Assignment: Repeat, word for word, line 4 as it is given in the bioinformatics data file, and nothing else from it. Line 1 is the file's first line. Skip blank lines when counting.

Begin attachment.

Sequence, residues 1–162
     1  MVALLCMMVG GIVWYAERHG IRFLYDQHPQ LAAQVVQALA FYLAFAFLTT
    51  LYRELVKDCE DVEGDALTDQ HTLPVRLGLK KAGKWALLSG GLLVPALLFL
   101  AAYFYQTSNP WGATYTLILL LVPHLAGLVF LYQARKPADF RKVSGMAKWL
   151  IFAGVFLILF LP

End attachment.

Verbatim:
   101  AAYFYQTSNP WGATYTLILL LVPHLAGLVF LYQARKPADF RKVSGMAKWL